STS-133: Discovery’s Last Launch
Cape Canaveral, Florida, United States
Posted by Cameron on 26 February 2011
It’s been a childhood dream to see a Space Shuttle launch and only with the threat of the program ending have I put a concerted effort towards actually getting there to see it. Last fall I spent a week on the Space Coast in Florida waiting for STS-133, the Shuttle Discovery to fly it’s last mission. Each day they delayed the launch until finally I couldn’t afford to spend more time in Florida and they scrubbed the launch for at least a few weeks.
After months of going over the leaky fuel tank and related components the launch was scheduled again for 24 Feb 2011 and I was there, again.
As I suspected, after having so much time to get ready for the launch, Discovery was ready to go and lifted off without a hitch, much less any major holds in the countdown sequence.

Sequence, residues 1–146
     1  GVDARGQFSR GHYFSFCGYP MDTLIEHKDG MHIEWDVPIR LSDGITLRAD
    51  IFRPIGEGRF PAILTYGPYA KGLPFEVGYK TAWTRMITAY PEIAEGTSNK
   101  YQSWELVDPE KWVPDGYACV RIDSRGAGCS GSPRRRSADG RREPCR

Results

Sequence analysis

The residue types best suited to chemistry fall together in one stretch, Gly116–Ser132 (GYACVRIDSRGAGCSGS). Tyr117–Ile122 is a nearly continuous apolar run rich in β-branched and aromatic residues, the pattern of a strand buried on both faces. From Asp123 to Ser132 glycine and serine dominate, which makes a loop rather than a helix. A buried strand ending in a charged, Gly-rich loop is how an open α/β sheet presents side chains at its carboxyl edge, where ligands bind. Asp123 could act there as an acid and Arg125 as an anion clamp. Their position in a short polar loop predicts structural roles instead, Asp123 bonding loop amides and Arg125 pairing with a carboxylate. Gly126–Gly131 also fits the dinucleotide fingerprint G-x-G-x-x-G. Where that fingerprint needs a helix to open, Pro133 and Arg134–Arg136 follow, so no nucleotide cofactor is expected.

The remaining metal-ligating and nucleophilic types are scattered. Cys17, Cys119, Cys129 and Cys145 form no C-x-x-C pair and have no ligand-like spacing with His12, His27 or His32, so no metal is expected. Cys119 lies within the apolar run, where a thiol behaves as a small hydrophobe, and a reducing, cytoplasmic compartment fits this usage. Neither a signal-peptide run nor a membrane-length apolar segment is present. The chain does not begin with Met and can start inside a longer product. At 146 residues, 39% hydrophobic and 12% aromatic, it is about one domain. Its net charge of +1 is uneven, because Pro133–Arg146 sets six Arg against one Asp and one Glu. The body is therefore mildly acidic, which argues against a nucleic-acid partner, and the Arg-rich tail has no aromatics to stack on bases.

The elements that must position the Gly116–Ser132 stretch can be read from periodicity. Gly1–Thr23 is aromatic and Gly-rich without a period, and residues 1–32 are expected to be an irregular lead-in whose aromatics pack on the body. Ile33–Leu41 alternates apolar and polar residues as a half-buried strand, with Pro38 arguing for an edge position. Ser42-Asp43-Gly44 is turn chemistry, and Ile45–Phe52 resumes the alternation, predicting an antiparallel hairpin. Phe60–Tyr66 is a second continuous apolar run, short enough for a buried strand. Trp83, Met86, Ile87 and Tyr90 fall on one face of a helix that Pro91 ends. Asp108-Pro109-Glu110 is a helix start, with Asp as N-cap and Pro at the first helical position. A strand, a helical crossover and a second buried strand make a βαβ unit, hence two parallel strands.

At the range of about 7 miles on the 5th floor of a condo complex where some friends have a unit I got to see, hear and feel the excitement of witnessing humans breaking away from the grasp of gravity into space. It is awe inspiring.
STS-133 carried a storage module to the International Space Station as well as a new and permeant crew member: Robonaut 2.
Being so far away, the photos are meager, but descriptive of witnessing a launch. It all happened in silence until the sound waves traveled the 7 miles to get to me and then rumbled like continuous thunder. I didn’t feel the force of the launch, but I did feel the excitement of the moment though the cheers of my fellow observers on the balcony. I used a Canon 5D with a Tameron 70-300mm lens with a 2x teleconverter giving me an effective 600mm.